Where conventional multiple disc type clutches are used on these twisting machines separately from the brake, an additional problem arises in that there is usually a small of amount of sliding frictional contact between the rotating and stationary discs even with the clutch disengaged and this contact is often sufllcient to overcome the inertia of the twister and cause it to turn. This rotation of the twister with the clutch disengaged is dangerous in addition to disrupting the manufacturing process.
The use in wire twisters of a magnetic fluid coupling of the type recently developed by Jacob Rabinow of the National Bureau of Standards would solve the maintenance problem presented by the multiple disc type couplings as the magnetic fluid coupling operates by means of a magnetic field and does not depend upon friction for its transmission of power. In Mr. Rabinows coupling, as explained in the National Bureau of" Standards Technical News Bulletin of May 1948, two plates of magnetic material are surrounded by a liquid such as oil in which are suspended finely divided magnetic particles. When this fluid suspension is acted upon by a magnetic field, the magnetic particles line up in the magnetic field and solidify. This solidification causes the magnetic material to operatively connect the two plates so that if one plate is rotating, the other plate is driven by it.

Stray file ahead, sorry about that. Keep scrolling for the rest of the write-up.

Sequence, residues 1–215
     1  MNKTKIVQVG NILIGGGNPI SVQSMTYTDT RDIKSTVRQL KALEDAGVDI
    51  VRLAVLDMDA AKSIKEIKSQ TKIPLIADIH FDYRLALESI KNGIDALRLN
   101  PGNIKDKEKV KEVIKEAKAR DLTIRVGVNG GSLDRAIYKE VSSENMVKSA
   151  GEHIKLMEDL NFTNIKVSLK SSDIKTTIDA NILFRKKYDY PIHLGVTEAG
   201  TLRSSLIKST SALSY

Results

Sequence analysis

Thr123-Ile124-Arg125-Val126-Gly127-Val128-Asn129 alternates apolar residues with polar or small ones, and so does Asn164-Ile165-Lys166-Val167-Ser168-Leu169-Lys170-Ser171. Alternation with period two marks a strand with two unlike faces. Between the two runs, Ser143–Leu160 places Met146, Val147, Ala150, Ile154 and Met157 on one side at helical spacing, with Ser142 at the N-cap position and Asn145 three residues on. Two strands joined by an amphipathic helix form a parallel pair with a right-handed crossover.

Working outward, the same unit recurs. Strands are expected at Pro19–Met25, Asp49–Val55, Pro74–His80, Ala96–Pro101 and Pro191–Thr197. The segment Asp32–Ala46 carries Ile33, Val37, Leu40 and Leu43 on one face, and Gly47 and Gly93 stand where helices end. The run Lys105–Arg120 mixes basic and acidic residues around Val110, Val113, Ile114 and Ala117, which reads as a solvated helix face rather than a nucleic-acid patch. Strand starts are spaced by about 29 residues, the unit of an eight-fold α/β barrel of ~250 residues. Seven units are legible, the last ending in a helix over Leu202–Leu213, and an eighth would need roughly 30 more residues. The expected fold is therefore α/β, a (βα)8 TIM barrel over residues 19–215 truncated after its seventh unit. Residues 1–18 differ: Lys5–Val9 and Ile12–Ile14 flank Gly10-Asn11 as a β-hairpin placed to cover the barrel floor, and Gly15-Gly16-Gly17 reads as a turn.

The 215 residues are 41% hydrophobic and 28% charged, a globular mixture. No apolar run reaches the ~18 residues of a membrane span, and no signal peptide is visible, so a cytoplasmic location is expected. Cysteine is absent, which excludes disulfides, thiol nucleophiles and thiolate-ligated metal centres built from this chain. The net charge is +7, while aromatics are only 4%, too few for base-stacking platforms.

In using the coupling developed by Rabinow as a clutch only, there is always a problem of the driven half of the coupling being rotated by the viscous drag of the magnetic fluid suspen sion. Expedientsto minimize the effect of the viscous drag, such as by lowering the ratio of magnetic particles to oil, usually result in reducing the torque output of the coupling.